Most mystery novels are character pieces centering on the detective in which the mysteries are not intended to be solvable by the reader, and are therefore simply a form of fiction and not puzzles. But a fair share of mystery novels, especially modern ones, are intended to be solvable by the reader. The solvable mystery involves at least 50 percent more effort and ingenuity on the part of the writer, as they must construct a puzzle of words as well as craft a mystery and tell a story.
The first mystery novel, “Murders in the Rue Morgue” was penned by Edger Allen Poe in 1841. The mystery was a solvable one but only barely and quite unintentionally. Poe’s focus, as always, was on darker matters; the madness of the killer, and bizarre and shocking nature of the crimes.
The solvable mystery novel as recognized genre really began with Sir Arthur Conan Doyle’s creation, Sherlock Holmes in 1887. These fantastically popular mystery novels were not created to be solvable but to show off the deductive power of Holmes. Readers, however, wanted to be able to have a shot at solving the mysteries themselves. The complains of Sherlock Holmes fans gave birth to the genre.
The popularity of Sherlock Holmes led to a mystery novel boom. While most of these books were character driven novels built on the pattern laid down by Sir Arthur Conan Doyle, some authors attempted to make the solvable mystery novel. The difficulty of creating such a novel is in both making the mystery reasonably solvable but not too easily solvable, and making the story line compelling enough so that the reader need not solve the mystery to enjoy it… a difficult balancing act. The obvious stand out of this crowd was the most famous mystery writer today, Agatha Christie. Not all her novels are solvable by the reader, but the ones that are solvable provide a serious challenge for would-be sleuths.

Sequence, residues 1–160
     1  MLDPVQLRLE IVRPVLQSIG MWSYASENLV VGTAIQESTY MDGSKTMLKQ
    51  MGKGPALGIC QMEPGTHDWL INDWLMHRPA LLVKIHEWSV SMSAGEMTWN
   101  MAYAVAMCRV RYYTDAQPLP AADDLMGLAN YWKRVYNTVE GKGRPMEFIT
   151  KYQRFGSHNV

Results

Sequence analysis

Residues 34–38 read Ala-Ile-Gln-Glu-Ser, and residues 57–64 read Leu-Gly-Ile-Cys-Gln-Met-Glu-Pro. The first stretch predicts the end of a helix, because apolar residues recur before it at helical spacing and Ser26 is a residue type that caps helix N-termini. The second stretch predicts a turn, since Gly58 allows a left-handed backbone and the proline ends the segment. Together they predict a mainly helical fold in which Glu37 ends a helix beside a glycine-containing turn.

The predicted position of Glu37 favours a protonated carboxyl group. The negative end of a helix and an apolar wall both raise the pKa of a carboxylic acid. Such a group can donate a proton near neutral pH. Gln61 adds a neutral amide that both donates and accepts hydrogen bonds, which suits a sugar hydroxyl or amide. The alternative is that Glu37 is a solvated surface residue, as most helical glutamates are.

The genre was expanded ever so slightly by a novel from the 1950′s whose name I am withholding because I am about to give away the conclusion. Throughout the novel the reader is presented with a mystery to solve, on top of this mystery is the mystery of why everyone treats the detective so oddly. The story is told in the first person, and many conversations just seem a little off. The last sentence reveals the answer to the deeper mystery of the book by revealing that the detective is a woman.
Despite small variants like this, the formula set down by Agatha Christie and others went largely unchanged until the introduction of the “puzzle-mystery” with the Encyclopedia Brown series in 1963. Aimed at preteen readers, Encyclopedia Brown featured short stories that centered around solving a logic puzzle. The protagonist, Encyclopedia Brown, would declare the answer but not how he arrived at it. The reader then tries to “solve” the mystery by deducing how Encyclopedia arrived at his conclusion.
The puzzle mystery genre received a recent shot in the arm with books modeled after Encyclopedia Brown but aimed at adult readers. These books usually have a number of minutes attached to indicate the approximate length of time to read and solve each mystery. The quality of these mystery-puzzles vary greatly.